5. Ben Zobrist, 31, Rays

Hill Says: – (6) As you might know from our 2b preview, Zobrist has been very consistent over his 4 years as a utility starter for the Rays. That should continue this year.

Culp Says: – (4) From a three year point-of-view, Zobrist is right up their with Reyes and Hanley. Zobrist is a safe pick, has multiple position eligibility and is generally cheaper than the other shortstops mentioned.

6. Ian Desmond, 27, Nationals

Hill Says: (5) The man compared to Derek Jeter early on in his career took major strides last year in average and power. I think the improvements were legit and owners can look for the results to continue. The power might come down a bit, but being healthy for a full season might offset that.

Culp Says: (6) Desmond’s first three MLB seasons: 1302 Plate Appearances, 22 HR. Desmond in 2012: 547 Plate Apperances, 25 HR. It was a nice breakout season but I want to see him follow it up in 2013 before we start penciling him in for 20/20 every year.

7. Jimmy Rollins, 34, Phillies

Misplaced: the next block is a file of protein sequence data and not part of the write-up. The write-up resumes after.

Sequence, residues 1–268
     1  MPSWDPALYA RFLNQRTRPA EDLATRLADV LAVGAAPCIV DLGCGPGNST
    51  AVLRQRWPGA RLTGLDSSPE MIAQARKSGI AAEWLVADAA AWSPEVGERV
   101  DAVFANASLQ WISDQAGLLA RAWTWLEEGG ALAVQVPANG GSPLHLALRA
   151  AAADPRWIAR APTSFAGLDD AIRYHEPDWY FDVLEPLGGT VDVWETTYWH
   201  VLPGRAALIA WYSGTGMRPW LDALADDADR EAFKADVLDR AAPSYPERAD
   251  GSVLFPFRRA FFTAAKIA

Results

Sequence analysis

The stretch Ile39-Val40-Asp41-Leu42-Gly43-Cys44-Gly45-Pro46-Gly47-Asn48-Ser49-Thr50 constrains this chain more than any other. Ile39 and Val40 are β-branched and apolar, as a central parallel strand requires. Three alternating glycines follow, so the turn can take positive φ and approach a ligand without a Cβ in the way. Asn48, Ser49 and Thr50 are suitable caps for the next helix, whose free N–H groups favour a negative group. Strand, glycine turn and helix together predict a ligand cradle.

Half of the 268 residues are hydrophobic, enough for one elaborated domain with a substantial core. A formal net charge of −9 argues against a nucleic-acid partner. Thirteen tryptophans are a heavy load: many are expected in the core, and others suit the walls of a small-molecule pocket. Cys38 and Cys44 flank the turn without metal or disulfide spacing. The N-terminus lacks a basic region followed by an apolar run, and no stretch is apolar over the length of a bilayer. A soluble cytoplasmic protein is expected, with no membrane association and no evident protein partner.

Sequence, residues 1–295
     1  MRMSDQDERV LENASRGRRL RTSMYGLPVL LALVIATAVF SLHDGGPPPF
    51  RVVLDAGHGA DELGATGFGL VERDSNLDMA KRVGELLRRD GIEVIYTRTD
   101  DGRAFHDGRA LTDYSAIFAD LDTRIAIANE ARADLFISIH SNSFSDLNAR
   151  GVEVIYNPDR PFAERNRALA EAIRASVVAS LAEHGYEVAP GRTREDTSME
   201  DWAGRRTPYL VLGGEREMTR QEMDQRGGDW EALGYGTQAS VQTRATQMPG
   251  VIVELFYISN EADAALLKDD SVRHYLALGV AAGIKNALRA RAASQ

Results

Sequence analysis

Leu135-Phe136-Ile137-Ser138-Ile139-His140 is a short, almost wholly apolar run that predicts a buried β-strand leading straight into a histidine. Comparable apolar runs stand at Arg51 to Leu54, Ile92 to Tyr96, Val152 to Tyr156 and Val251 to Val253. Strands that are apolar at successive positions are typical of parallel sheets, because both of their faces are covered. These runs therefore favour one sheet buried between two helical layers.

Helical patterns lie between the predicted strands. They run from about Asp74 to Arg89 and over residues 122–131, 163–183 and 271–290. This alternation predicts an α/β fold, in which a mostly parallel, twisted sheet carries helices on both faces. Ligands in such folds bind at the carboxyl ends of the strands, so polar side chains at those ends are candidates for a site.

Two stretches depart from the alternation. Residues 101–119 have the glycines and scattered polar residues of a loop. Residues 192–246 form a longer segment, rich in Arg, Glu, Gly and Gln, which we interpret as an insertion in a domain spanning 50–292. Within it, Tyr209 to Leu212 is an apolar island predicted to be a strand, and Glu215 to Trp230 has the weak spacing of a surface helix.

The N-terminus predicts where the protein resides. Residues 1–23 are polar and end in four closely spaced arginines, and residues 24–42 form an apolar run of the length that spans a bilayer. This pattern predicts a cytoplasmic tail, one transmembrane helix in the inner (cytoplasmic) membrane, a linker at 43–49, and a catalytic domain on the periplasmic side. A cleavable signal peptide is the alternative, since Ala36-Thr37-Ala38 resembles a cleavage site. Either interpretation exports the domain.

Hill Says: (8) Rollins enjoyed a mini-resurgence last season in the power department. However, I think this might be one of the riskier picks in the top 10, which is why I have him at 8. His average won’t be great, and I get the feeling that sometime in the next few seasons we could see a dip in his production. The only question is will that be this year? I’m staying away unless I’m desperate.

Culp Says: (7) Posting a line of 102/23/68/30 is really impressive regardless of age. Doing it again at the age of 34? That would be even more impressive. Count me a little skeptical.

8. Elvis Andrus, 24, Rangers

Hill Says: (9) The dip in SB last year is a bit concerning for me since Andrus won’t bring much in the power department. His game is the average/speed combo so if he can bring the SBs up this year he could finish higher than 9th. He also is only 24 so there is room for growth.

Culp Says: (10) It’s no secret that Elvis isn’t a great hitter. He’s never finished with a wRC+ higher than 95 and he may not be as fast as we initally thought. His rookie season speed score was 8.1 which is up there with Jose Reyes, Michael Bourn, Coco Crisp. Since then, he has hovered around 6.0 for his FanGraphs speed score. 30 stolen bases is nice, but it doesn’t really make up for a poor average and no power.

9. Asdrubal Cabrera, 27, Indians

Hill Says: (7) Cabrera proved last year that his power development from the year before was no fluke. The Indians offense should be much improved this year which can only help his counting stats and improve his end of season ranking from last year’s 15th place finish in ESPN’s player rater.